110. 110. (q) Thermal conductivity Acrylic resins are poor thermal and electrical conductors. The coefficient of thermal conductivity for acrylic resin is 5.7x10-4 compared to 1.3x10-3 for dentin. Low thermal conductivity results in plastic resin bases serving as an insulator between the oral tissues and hot or cold materials placed in the mouth. www.indiandentalacademy.com
  111. 111. (r) Coefficient of thermal expansion They have high co-efficient of thermal expansion of the range of 81x10-6 when compared to tooth having only 11.4 x 10-6 . Thermal expansion is important for the fit of the acrylic bases– an acrylic base that fits a cast accurately at room temperature will not fit the same at mouth temperature. www.indiandentalacademy.com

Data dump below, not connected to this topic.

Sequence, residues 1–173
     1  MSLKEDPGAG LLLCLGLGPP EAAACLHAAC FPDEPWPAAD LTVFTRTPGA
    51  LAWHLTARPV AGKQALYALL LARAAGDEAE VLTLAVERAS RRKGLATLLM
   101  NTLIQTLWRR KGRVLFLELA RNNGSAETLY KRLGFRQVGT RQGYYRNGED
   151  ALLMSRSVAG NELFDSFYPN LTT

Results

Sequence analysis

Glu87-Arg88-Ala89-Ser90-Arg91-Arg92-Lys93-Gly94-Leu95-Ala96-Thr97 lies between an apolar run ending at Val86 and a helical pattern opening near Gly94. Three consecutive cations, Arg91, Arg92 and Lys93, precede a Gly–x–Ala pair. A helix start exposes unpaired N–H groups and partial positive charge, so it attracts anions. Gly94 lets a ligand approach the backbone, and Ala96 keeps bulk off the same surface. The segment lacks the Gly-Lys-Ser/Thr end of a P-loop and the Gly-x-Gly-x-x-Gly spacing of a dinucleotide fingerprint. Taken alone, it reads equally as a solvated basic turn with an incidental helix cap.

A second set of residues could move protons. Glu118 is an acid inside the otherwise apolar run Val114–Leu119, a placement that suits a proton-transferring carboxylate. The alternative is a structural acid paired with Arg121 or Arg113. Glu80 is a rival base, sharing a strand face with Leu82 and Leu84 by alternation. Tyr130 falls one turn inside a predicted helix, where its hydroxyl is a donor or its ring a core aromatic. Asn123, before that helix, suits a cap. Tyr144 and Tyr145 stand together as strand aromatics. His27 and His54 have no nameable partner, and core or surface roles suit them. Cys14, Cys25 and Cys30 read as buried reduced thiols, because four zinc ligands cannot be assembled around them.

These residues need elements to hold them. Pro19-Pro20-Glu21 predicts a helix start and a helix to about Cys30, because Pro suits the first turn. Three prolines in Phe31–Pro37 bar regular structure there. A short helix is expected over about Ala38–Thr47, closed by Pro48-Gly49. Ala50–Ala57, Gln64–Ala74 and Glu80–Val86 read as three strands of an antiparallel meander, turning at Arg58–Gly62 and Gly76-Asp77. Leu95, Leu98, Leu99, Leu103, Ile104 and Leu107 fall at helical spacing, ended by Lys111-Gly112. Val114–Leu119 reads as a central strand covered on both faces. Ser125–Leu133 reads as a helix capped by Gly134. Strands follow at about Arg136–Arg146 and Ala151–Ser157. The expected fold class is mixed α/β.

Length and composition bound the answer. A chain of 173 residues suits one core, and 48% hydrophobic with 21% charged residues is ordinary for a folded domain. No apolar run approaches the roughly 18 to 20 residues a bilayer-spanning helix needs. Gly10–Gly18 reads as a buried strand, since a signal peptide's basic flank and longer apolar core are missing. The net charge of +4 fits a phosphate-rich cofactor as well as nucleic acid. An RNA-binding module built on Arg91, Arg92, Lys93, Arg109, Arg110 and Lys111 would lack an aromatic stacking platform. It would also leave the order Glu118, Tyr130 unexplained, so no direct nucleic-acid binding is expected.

112. 112. (s) Toxicology There is no indication that these dental resins could produce any systemic effects upon the patient. The quantity of methyl methacrylate monomer that might enter the circulation by passing through the oral mucosa would be extremely low. The half life of methyl methacrylate in blood at 37 c is said to range between 20-40 minutes. Clearance being by hydrolysis to methacryclic acid. www.indiandentalacademy.com
  113. 113. (t)Tissue compatibility and allergic reactions Possible allergic reactions to poly methyl methacrylate have been postulated. Chemical irritation can occur either from the polymer, the residual monomer, the benzoyl peroxide, the Hydroquinone, the pigment or some reaction product. One such product is formaldehyde. Self cure resins release more formaldehyde than heat cure acrylics. Increasing polymer monomer ratio will reduce formaldehyde release. www.indiandentalacademy.com